WASHINGTON (Reuters) - The U.S. government blocked Enbridge Inc from restarting a key Midwestern oil pipeline on Tuesday, saying last week’s spill on the line was “absolutely unacceptable.”
U.S. Transportation Secretary Ray LaHood blasted Enbridge over the leak of more than 1,000 barrels of crude oil in a field in Wisconsin, which shut its 318,000 barrel per day pipeline on Friday.
“I will soon meet with Enbridge’s leadership team, and they will need to demonstrate why they should be allowed to continue to operate this Wisconsin pipeline without either a significant overhaul or a complete replacement,” LaHood said in a statement.
“Accidents like the one in Wisconsin are absolutely unacceptable.”
Federal regulator Pipeline and Hazardous Materials Safety Administration (PHMSA), a division of LaHood’s department, delivered a corrective order to Enbridge on Tuesday, prohibiting it from restarting Line 14 until it can show regulators it has met safety standards.
In a statement, Enbridge said it plans to complete repairs to Line 14 by Wednesday, and will submit plans to PHMSA to restart the line. The company said corrective orders are commonly issued after pipeline incidents.
LaHood said there was no guarantee that permission would be granted to restart the line anytime soon.
Corrective orders can delay resumption of pipeline operations, sometimes for weeks or months. When an Enbridge pipeline spilled crude into Michigan’s Kalamazoo River in 2010, the line was not approved for restart until six weeks later.
LaHood’s department ratcheted up its oversight of pipeline safety last year after a series of high profile spills gained national attention, including Enbridge’s Kalamazoo River incident.
The Wisconsin spill is another blow to Enbridge’s reputation. Earlier this month, PHMSA issued a $3.7 million fine for the 2010 Michigan spill and a National Transportation Safety Board report accused Enbridge employees of ineptitude and acting like “Keystone Kops” during that accident.
Oil traders said that regulators’ response to the most recent Enbridge pipeline fiasco was expected.
“This is the post-Macondo environment and Enbridge has become a serial offender on pipe leaks,” said one crude oil trader. “Given the vast scale of their pipeline network, it is probably disconcerting to regulators to see so many mishaps from someone holding an intrinsic ability to provide an environmental disaster.”
Enbridge will now need to submit a restart plan for the entire 467-mile (752-km) pipeline.
The company will also need to test the ruptured pipe, evaluate previous inspections and commission an independent probe of its integrity management.
Line 14 is a 24-inch diameter pipe that was installed in 1998, making it a relatively new line. Enbridge said the line, which carries Canadian crude to refiners in the Midwest, had been inspected twice in the past five years.
“The delay will continue to cause Midwest gasoline prices to remain elevated, and the stranded crude oil will help Brent crude widen its premium over the WTI marker,” said John Kilduff, partner at Again Capital LLC in New York.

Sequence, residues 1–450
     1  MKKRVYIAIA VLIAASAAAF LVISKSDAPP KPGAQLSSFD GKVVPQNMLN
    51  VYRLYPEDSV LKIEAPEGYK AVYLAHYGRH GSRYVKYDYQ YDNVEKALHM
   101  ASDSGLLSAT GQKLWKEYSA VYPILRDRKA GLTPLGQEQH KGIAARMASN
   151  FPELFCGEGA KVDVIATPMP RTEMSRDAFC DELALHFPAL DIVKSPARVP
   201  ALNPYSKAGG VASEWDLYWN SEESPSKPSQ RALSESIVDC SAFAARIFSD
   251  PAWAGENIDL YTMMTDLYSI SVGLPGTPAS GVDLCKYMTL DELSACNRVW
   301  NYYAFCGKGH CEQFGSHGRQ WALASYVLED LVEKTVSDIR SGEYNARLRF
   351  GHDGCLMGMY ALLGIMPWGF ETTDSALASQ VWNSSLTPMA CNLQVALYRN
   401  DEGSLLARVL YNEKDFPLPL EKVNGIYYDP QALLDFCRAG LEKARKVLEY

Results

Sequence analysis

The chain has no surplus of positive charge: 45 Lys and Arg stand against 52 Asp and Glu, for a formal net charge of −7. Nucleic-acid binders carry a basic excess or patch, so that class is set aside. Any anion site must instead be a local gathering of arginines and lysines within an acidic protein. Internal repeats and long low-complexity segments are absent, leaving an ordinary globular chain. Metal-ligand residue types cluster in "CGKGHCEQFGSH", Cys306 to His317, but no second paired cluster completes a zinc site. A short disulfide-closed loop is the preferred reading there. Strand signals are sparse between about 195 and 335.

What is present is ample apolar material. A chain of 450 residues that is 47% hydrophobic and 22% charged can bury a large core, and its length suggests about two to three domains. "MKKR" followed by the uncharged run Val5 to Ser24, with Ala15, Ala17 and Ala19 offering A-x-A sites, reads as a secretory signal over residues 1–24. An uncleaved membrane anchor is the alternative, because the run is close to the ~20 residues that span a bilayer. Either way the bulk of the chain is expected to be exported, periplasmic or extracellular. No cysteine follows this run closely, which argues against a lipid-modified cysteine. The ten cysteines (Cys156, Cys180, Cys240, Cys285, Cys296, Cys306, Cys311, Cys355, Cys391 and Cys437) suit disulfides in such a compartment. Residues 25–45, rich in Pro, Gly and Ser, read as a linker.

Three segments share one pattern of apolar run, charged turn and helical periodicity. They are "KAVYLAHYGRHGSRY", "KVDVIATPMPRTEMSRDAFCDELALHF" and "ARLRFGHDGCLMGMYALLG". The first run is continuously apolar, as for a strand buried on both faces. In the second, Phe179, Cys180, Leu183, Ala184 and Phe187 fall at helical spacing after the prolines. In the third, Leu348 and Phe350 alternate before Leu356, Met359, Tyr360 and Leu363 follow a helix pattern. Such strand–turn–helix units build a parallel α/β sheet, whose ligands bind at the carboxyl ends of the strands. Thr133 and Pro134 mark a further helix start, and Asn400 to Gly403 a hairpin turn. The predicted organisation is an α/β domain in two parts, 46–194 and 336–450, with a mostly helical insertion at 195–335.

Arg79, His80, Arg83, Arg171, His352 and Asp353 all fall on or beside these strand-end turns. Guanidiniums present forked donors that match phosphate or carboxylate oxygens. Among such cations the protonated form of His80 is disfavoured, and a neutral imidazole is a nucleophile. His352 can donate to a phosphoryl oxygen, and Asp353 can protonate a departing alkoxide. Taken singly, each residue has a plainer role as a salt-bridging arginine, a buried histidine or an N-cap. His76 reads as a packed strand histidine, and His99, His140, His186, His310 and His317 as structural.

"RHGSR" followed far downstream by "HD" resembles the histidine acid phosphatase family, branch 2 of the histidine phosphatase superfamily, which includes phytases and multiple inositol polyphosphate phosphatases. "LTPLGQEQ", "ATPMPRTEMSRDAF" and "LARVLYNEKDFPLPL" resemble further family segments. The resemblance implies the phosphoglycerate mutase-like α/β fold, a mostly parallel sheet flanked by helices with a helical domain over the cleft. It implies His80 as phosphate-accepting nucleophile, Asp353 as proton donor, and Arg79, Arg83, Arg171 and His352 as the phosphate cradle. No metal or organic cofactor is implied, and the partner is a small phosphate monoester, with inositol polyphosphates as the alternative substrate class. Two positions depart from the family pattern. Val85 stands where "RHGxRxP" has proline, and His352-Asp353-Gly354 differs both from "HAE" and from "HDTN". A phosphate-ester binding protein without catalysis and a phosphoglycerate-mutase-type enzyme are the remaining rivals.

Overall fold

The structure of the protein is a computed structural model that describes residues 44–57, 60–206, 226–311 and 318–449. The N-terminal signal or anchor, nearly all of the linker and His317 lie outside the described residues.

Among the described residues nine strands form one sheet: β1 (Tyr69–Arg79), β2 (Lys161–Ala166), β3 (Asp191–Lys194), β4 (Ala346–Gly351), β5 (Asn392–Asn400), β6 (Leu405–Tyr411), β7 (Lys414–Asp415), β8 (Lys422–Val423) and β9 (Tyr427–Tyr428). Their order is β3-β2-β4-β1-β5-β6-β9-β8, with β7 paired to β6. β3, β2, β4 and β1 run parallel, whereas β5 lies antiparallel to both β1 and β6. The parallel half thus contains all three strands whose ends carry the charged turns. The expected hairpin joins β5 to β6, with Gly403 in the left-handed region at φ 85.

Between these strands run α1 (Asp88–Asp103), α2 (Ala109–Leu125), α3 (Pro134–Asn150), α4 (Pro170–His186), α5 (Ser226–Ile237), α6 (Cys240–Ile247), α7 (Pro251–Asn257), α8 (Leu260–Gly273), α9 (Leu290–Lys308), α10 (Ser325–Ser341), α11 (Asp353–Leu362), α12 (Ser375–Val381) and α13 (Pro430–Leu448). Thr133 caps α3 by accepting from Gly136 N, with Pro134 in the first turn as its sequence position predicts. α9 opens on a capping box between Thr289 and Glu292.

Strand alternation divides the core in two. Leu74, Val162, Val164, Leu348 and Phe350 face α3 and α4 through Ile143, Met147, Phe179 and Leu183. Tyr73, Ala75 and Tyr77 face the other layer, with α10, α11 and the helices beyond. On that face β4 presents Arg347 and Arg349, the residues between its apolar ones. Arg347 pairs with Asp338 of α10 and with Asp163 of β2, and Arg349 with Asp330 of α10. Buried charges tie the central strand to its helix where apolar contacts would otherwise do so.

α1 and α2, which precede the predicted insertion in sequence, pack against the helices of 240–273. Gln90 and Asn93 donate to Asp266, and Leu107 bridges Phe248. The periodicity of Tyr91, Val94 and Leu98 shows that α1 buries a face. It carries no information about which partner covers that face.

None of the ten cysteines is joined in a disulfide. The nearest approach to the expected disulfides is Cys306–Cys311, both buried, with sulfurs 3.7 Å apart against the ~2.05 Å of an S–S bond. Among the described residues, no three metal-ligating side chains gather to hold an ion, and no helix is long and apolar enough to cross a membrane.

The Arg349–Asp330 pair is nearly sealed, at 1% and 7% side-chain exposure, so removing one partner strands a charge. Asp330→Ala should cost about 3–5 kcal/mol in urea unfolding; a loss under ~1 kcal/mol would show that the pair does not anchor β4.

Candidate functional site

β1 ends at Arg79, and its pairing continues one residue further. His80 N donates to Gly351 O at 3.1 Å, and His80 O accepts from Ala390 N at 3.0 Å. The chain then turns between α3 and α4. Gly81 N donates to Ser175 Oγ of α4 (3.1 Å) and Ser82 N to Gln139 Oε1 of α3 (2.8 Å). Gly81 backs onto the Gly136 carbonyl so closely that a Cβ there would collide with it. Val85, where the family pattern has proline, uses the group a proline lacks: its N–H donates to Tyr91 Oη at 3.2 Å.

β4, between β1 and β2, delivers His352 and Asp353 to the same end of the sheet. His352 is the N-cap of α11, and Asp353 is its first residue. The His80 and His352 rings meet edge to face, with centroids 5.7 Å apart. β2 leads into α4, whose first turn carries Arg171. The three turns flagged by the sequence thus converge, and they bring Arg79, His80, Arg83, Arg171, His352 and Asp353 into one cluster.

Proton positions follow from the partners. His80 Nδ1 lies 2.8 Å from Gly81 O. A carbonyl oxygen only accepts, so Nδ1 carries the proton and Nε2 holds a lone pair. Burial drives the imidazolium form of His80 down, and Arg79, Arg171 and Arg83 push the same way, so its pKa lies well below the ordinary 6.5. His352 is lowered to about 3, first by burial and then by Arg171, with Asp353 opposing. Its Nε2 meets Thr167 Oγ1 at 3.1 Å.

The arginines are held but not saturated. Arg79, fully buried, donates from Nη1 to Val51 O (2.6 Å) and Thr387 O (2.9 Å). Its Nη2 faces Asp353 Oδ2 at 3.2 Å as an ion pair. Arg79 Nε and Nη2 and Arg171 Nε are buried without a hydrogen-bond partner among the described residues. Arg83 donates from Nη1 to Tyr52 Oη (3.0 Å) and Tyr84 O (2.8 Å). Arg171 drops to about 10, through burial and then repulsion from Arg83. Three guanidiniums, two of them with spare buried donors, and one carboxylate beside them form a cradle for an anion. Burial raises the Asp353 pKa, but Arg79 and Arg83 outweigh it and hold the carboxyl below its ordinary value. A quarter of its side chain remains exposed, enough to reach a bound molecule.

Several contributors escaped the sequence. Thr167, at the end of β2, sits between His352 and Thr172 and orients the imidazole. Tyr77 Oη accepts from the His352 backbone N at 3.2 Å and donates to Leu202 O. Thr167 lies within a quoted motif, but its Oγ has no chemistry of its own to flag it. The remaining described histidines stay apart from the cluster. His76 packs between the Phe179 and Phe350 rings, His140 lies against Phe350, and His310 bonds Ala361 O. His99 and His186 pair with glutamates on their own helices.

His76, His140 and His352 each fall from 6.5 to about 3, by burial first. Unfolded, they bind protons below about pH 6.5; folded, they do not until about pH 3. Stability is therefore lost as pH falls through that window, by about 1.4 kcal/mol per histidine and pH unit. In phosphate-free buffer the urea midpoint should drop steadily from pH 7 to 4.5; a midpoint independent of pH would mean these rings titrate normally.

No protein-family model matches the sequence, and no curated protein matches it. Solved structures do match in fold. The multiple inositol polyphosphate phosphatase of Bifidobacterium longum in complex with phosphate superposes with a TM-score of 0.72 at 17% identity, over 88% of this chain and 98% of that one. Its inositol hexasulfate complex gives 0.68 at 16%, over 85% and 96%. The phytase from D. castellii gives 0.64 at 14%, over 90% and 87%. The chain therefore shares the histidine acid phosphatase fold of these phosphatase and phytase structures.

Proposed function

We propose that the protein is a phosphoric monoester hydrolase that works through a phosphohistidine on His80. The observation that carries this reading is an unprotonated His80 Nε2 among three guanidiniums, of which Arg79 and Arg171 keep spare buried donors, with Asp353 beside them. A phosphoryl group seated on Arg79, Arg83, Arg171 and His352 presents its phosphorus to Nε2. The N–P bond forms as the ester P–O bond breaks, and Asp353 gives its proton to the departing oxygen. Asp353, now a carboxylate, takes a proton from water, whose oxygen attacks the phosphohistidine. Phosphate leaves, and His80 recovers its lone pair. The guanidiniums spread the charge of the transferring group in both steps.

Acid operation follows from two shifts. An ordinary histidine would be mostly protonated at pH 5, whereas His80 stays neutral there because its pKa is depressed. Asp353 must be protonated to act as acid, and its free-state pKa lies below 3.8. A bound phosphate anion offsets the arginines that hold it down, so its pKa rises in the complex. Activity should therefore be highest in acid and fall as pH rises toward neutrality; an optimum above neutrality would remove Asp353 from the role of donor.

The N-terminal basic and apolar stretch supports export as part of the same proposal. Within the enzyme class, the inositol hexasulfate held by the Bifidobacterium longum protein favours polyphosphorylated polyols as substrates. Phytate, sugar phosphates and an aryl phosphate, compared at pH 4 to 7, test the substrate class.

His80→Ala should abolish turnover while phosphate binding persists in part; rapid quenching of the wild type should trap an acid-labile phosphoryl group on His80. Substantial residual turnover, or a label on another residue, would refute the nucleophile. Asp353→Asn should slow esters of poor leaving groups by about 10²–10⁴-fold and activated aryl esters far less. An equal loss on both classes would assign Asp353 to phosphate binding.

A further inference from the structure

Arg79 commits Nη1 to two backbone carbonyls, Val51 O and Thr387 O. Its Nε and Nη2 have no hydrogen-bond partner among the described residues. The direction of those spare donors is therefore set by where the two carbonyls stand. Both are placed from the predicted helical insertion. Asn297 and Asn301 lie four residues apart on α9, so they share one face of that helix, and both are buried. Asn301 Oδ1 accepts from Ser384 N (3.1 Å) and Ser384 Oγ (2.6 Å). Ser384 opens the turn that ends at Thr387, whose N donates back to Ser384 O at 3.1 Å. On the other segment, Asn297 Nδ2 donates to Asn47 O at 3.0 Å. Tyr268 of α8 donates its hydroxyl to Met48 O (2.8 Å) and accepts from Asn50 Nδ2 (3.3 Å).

Canadian crude prices fell on Tuesday following the announcement on the pipeline spill.
Western Canada Select heavy blend for September delivery last sold for $24 a barrel under benchmark West Texas Intermediate, compared with $22 a barrel under WTI on Monday, according to Shorcan Energy Brokers.
Some Canadian oil traders speculated that the pipeline could be shut for at least two more weeks, which could lead to some oil production getting shut in, as Alberta storage is already understood to be full.
Canada is the largest source of foreign crude for the United States, supplying over 2.4 million bpd of the more than 8.3 million bpd imported by the nation on average in July. Enbridge’s lines, the world’s largest crude oil pipeline system, carry the lion’s share of those shipments.
In Grand Marsh, Wisconsin, the site of last Friday’s leak, two local residents had said over the weekend that one house had been “covered” in oil during the spill.
An Enbridge spokesman denied that, and said the spill had been limited to the pipeline right-of-way, as well as a nearby field and some trees.
In a statement, Enbridge said “the safety of people who live and work near our pipelines and the environment is Enbridge’s top priority.”
Enbridge kicked off one of the most sweeping expansions in its history just two months ago, announcing a multibillion-dollar series of projects aimed at moving western Canada and North Dakota oil to Eastern refineries and eliminating costly bottlenecks in the U.S. Midwest.
Enbridge shares fell 80 cents to C$41.03 in Toronto on Tuesday.
Additional reporting by Joshua Schneyer, Scott Haggett, David Sheppard, Janet McGurty, Jeffrey Jones, Robert Gibbons; Editing by Maureen Bavdek, Marguerita Choy, David Gregorio and Phil Berlowitz